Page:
};
 
// Function to print a linked list
void printLinkedList(Node* head)
{
    while (head != NULL)
    {
        cout << head->val;
        if (head->next != NULL){
            cout << " ";
        }
        head = head->next;
    }
    cout<<endl;
}
 
void sortLinkedList(Node** head)
{
    Node* prev = (*head);
    Node* curr = (*head)->next;
 
    // Traverse list
    while (curr != NULL)
    {
        if (curr->val < prev->val)
        {
            prev->next = curr->next;
 
            curr->next = (*head);
            (*head) = curr;
            
            curr = prev;
        }
        else
            prev = curr;
 
        curr = curr->next;
    }
}

// Function to insert a node at start
void addNode(Node** head, int val)
{
    Node* newNode = new Node;
    newNode->next = (*head);
    newNode->val = val;
    (*head) = newNode;
}
 
 
int main()
{
    Node* head = NULL;
    addNode(&head, -8);
    addNode(&head, 7);
    addNode(&head, 6);
    addNode(&head, -5);
    addNode(&head, 4);
    addNode(&head, -3);
    addNode(&head, 2);
    addNode(&head, 1);
 
    cout << "Original list : "<<endl;
    
    printLinkedList(head);
 
    sortLinkedList(&head);
 
    cout << "\nSorted list :"<<endl;
    
    printLinkedList(head);
 
    return 0;
}

Output: 

Original list :  
1 2 -3 4 -5 6 7 -8

Sorted list : 
-8 -5 -3 1 2 4 6 7

Also read - Merge sort in linked list

Complexity Analysis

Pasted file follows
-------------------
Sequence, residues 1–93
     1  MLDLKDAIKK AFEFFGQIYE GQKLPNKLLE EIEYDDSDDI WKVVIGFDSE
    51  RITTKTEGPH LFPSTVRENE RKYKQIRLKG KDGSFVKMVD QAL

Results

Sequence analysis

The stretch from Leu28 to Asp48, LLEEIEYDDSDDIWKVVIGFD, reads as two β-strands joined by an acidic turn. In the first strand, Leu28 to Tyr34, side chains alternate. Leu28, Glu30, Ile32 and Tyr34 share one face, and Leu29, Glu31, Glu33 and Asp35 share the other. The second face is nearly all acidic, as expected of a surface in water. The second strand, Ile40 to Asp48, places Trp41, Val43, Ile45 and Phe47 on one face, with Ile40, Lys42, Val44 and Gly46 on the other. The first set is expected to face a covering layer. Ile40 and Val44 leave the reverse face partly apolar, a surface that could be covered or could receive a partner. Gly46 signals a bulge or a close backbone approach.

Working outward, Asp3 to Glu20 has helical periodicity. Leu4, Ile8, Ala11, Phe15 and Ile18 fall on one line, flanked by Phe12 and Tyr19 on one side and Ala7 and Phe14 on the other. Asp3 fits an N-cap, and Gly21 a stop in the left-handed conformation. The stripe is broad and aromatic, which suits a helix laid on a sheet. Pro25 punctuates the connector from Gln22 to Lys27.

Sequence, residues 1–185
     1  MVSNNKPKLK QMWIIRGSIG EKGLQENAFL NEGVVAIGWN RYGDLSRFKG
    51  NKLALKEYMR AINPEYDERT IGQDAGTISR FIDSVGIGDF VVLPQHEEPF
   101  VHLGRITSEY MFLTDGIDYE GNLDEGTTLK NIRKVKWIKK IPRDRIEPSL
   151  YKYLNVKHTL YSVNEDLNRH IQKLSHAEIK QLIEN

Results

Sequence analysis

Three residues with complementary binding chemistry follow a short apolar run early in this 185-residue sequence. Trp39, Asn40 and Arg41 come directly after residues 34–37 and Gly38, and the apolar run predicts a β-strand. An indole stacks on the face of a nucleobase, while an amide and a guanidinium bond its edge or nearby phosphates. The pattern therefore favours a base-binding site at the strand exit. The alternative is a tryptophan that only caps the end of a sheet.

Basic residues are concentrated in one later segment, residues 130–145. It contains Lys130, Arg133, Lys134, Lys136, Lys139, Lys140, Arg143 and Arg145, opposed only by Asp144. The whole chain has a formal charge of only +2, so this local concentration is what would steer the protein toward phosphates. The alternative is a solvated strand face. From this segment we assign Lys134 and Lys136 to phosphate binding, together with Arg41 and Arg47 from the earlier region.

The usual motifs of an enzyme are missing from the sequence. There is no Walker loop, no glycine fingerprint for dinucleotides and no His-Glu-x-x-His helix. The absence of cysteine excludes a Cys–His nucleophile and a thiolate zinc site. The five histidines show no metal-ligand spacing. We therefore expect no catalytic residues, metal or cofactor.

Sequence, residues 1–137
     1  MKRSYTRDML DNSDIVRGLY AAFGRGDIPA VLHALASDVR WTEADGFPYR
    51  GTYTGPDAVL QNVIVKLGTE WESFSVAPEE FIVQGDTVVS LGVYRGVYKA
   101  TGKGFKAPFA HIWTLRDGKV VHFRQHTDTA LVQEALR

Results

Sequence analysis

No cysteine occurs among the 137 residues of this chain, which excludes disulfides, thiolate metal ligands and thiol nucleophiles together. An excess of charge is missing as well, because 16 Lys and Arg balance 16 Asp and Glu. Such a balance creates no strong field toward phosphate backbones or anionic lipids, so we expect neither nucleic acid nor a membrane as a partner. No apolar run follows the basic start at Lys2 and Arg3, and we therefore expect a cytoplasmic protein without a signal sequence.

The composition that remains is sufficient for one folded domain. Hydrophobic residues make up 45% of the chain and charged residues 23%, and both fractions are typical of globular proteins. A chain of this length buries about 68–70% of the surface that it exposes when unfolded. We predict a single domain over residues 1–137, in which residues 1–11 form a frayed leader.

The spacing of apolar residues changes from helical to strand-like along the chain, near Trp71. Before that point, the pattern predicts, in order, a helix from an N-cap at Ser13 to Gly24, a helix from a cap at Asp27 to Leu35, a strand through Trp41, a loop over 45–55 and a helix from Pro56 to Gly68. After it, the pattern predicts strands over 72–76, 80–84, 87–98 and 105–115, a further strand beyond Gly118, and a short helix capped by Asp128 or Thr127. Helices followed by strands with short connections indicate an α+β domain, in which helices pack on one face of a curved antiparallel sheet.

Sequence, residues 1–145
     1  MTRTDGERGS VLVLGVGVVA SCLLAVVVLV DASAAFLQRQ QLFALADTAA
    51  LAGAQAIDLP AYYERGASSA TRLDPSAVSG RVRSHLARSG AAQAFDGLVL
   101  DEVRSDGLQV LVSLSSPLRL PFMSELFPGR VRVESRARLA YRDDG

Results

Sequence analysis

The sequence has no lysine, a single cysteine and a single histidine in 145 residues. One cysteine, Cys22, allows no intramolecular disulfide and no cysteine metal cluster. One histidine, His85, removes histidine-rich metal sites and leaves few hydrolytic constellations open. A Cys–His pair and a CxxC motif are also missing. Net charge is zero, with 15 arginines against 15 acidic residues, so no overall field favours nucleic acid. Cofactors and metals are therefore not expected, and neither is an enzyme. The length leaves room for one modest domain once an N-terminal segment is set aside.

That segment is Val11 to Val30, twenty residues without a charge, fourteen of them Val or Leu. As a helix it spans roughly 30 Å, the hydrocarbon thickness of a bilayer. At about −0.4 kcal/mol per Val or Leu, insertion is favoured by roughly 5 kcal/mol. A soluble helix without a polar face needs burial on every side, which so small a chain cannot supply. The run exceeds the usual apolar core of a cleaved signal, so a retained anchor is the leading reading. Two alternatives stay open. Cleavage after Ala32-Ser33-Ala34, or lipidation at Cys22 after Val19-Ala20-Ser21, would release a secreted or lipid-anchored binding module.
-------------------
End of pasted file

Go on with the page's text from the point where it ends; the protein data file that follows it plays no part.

Time Complexity

We need to traverse the n-sized linked list only once. Thus, the time complexity of the program is O(n).

Space Complexity

O(1)

Frequently Asked Questions

How is the linked list represented in memory?

The linked list is kept in memory in a scattered way (locations). Each node's memory is allocated dynamically, that is, as and when it is needed. As a result, the linked list may grow as the user desires, and the size is not fixed; it can change.

How is the linked list different from the array?

An array is a grouping of items of the same data type. A linked list is an ordered collection of elements of the same type with pointers connecting each element to the next.

How do we check for palindromes in a linked list?

Traverse the linked list and save all of the linked list's elements in that string.

Examine the linked list to see if the first and last characters are equivalent. This will not make a palindrome if they are not equal at some point.

Are linked lists (FIFO) or (LIFO)?

The LinkedList class implements the List, Deque, and Queue interfaces. The first-in, first-out (FIFO) principle governs how a queue stores and removes its components. LinkedList may be used to represent a first-in, first-out (FIFO) queue since it implements the Deque interface.

Why are linked lists used over arrays?

Linked lists are more efficient than arrays in terms of memory allocation. Unlike arrays, the size of a linked list is not fixed, so it can grow or shrink as the program runs.

Conclusion

In this article, we discussed the problem related to sorting a linked list that is already sorted on absolute values. We hope that this blog has helped you enhance your problem-solving skills, and if you would like to learn more, check out our Linked List and Application of Linked List articles on Coding Ninjas Studio. Do upvote our blog to help other ninjas grow. Happy Coding!